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Bariatric surgery, also known as weight loss surgery, refers to the various surgical procedures performed to treat obesity by modification of the gastrointestinal tract to reduce nutrient intake and/or absorption. The term does not include procedures for surgical removal of body fat such as liposuction or abdominoplasty.

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(Page 2 of 2, 24 total comments)


I had a gastric bypass in 1993 and had severe complications, but recovered. After 14 yrs, I was back at my original weight! In 2004, I had a revision and now, 2007 I am back to my original weight. I don't know what has happen for me, however, my cousin had the bypass and has lost a dramatic amount of weight, and has kept it off to date. She had her's in 2003. I am seriously seeking a doctor to try to give me the lap band with the hope of losing my weight again but for good. I am now rising up to 260lbs and 5'6" tall. Although, I am amazingly healthy without any health problems, I still need to lose this weight. This surgery works, but not for everyone.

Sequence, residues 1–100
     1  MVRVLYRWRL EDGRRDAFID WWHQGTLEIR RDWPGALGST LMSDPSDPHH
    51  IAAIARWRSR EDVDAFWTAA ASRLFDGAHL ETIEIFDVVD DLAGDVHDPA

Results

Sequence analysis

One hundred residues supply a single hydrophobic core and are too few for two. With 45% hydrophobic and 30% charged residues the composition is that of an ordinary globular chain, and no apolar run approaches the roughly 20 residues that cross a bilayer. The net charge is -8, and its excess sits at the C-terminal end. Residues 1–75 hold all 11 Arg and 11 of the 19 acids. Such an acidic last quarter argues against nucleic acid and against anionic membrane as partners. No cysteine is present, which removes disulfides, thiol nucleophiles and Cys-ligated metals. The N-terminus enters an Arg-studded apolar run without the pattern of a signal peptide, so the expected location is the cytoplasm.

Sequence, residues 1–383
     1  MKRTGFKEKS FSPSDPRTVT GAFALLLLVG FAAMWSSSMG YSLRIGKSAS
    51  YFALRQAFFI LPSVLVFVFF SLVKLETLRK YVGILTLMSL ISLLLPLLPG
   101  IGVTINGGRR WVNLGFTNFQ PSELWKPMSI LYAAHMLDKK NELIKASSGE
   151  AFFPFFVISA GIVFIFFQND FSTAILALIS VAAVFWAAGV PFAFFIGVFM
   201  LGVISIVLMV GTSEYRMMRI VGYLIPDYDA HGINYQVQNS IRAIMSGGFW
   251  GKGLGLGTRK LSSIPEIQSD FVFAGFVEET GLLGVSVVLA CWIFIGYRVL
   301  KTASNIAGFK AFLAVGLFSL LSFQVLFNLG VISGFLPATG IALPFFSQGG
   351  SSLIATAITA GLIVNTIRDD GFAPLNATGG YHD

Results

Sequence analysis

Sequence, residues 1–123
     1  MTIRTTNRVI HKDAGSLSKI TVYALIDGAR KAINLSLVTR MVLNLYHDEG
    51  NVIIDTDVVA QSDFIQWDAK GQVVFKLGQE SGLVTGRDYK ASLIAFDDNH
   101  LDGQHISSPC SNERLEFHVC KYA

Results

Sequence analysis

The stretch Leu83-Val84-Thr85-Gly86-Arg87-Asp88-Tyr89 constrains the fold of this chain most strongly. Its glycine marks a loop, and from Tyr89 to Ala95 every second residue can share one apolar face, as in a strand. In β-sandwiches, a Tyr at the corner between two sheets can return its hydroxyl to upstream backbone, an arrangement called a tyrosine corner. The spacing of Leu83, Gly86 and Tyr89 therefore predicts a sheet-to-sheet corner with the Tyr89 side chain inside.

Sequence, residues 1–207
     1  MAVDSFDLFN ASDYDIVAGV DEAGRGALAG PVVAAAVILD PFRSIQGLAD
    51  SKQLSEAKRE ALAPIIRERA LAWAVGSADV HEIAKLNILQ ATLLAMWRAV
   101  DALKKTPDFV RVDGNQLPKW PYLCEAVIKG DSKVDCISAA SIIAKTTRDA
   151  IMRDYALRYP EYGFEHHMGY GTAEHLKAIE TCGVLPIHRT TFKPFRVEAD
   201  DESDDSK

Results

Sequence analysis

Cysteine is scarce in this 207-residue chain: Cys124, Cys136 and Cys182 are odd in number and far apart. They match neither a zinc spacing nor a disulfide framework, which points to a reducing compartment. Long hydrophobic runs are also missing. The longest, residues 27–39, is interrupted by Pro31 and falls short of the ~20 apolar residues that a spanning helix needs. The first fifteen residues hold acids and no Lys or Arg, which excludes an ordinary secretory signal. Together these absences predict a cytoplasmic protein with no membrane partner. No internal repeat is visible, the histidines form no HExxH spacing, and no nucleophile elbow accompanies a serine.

Is the restriction talking about the lap band? I've heard a little about that and it sounds promising. Thanks for the general info.


I had the surgery done a few years ago. Wow- what a difference it has made. After a long battle to lose the weight, my dr. and I spent a lot of time researching to make sure I was a good candidate. I'm healthier, happier and look better than I have since my teens!! I urge anyone considering to spend time with their dr. and make sure it's the right choice... and make sure you've exhausted your options.


Really need to think this one through. Talk about major life change! I'm currently discussing with my doctor as I'm severely overweight and nothing seems to work. I've heard stories of Barriatric patients with a lot of success and I've heard of some with tramatic results.